Photo/IllutrationA hacker who converted cryptocurrency stolen from Coincheck Inc. into other digital currencies posts an image of North Korean leader Kim Jong Un. The website was later closed. (Tatsuya Sudo)

  • Photo/Illustraion
  • Photo/Illustraion
  • Photo/Illustraion

Viruses connected to Russian hackers were found on a personal computer that was used to steal NEM cryptocurrency worth about 58 billion yen ($535 million), an attack initially blamed on North Koreans, sources said.

In fact, it was a Russian security company that fueled speculation that a North Korean group had hacked the personal computer of an employee of Tokyo-based cryptocurrency exchange Coincheck Inc.

In January 2018, Coincheck said that illegal access resulted in the loss of vast amounts of NEM cryptocurrency that had been deposited by its clients.

The investigation found that the Coincheck employee had installed software that was contained in an e-mail sent by a hacker. The computer became infected, giving the perpetrator a “key” to open, operate--and steal from--the NEM accounts.

According to several people involved in the investigation, two viruses--“mokes” and “netwire”--were detected in the employee’s computer.

Both viruses enable remote operations of other people’s computers.

Mokes was first put on sale in June 2011 on a bulletin board on the dark web written in Russian. The virus is believed to be used by Russian hackers.

The existence of netwire was confirmed in 2012.

Investigators found that the two viruses have also been used in attacks on cryptocurrency exchanges in other countries since 2016.

A U.S. expert said an analysis of the viruses indicates that such attacks are connected to a group of cybercriminals based in East Europe or Russia.

A Russian security company compiled a report in October 2018 that pointed to a North Korean group of hackers as the likely culprit behind the attack on Coincheck.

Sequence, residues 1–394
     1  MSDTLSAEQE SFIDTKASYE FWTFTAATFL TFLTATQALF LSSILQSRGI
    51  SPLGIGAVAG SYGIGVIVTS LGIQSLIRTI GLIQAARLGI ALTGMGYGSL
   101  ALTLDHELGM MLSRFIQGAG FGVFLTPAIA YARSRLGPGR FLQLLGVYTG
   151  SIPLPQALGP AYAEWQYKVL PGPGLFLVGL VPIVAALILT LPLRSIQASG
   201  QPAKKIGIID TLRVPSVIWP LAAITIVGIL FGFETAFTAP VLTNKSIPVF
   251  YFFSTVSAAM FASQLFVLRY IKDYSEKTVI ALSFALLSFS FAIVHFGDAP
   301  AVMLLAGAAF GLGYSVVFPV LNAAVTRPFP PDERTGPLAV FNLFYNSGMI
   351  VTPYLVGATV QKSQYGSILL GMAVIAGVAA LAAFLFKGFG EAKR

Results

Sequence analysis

A U.N. experts’ panel on North Korea said the Russian company’s view was a possibility, and more fingers started pointing at Pyongyang.

According to several experts, however, no cases have been confirmed of the North Korean group using the mokes virus.


The U.N. experts’ panel on North Korea was set up in 2009 based on a U.N. Security Council resolution.

It checks on suspected North Korean violations of UNSC resolutions and reports its investigation results to the council.

The panel consists of researchers specializing in such fields as nuclear weaponry, missiles, trade and transportation.

Although U.N. members are obliged to cooperate with the panel’s investigations, it does not have the power to conduct compulsory investigations.

The panel’s investigations depend on its members’ human networks and any information that is disclosed.

If the panel’s reports are released, they become official U.N. documents that can serve as basis for independent sanctions imposed against North Korea by a U.N. member.

(Gakushi Fujiwara in New York contributed to this article.)